Oral high-dose sucrosomial iron vs intravenous iron in sideropenic anemia patients intolerant/refractory to iron sulfate: a multicentric randomized study
Annals of hematology. 2020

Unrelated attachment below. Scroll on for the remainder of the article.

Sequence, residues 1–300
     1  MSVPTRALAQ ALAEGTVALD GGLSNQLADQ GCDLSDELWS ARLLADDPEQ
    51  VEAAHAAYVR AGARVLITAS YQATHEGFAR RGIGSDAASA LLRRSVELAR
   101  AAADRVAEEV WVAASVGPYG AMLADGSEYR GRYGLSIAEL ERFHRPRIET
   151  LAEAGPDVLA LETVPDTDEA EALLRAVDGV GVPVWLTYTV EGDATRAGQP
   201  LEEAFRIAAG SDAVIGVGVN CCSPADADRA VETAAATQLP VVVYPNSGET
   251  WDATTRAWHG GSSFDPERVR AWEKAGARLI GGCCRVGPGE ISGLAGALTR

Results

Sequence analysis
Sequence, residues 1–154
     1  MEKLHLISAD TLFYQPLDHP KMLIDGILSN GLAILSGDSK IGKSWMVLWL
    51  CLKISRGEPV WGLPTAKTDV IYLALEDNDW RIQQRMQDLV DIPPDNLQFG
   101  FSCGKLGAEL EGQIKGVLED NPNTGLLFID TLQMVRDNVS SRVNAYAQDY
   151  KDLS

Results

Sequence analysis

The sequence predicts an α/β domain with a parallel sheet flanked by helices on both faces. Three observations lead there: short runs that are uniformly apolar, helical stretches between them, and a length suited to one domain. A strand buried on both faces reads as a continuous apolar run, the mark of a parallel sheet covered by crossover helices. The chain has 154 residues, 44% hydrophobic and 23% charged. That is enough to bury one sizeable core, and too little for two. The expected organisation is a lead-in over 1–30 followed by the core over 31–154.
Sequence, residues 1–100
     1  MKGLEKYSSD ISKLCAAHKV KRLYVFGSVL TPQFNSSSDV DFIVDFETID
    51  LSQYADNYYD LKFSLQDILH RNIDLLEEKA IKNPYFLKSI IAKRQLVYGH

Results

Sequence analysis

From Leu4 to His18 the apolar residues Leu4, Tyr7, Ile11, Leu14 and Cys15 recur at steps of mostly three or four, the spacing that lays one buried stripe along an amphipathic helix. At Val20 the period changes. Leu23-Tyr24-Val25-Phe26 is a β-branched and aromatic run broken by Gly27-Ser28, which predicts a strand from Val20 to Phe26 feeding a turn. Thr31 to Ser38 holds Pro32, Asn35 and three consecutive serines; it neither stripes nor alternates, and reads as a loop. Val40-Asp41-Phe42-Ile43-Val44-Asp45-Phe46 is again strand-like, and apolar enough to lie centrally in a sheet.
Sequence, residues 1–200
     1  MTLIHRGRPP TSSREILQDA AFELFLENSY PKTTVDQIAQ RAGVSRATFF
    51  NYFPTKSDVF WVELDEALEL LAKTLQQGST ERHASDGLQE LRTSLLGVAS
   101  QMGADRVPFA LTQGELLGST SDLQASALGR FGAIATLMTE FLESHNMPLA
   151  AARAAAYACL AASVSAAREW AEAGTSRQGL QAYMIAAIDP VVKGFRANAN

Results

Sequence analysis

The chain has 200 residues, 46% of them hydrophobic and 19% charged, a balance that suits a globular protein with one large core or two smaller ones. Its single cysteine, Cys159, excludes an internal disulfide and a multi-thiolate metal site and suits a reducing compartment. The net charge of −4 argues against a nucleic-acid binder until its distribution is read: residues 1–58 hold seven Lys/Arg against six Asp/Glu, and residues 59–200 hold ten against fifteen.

Iron deficiency anemia is among the most frequent causes of disability. Intravenous iron is the quickest way to correct iron deficiency, bypassing the bottleneck of iron intestinal absorption, the only true mechanism of iron balance regulation in human body. Intravenous iron administration is suggested in patients who are refractory/intolerant to oral iron sulfate. However, the intravenous way of iron administration requires several precautions; as the in-hospital administration requires a resuscitation service, as imposed in Europe by the European Medicine Agency, it is very expensive and negatively affects patient's perceived quality of life. A new oral iron formulation, Sucrosomial iron, bypassing the normal way of absorption, seems to be cost-effective in correcting iron deficiency anemia at doses higher than those usually effective with other oral iron formulations. In this multicentric randomized study, we analyze the cost-effectiveness of intravenous sodium ferrigluconate vs oral Sucrosomial iron in patients with iron deficiency anemia refractory/intolerant to oral iron sulfate without other interfering factors on iron absorption.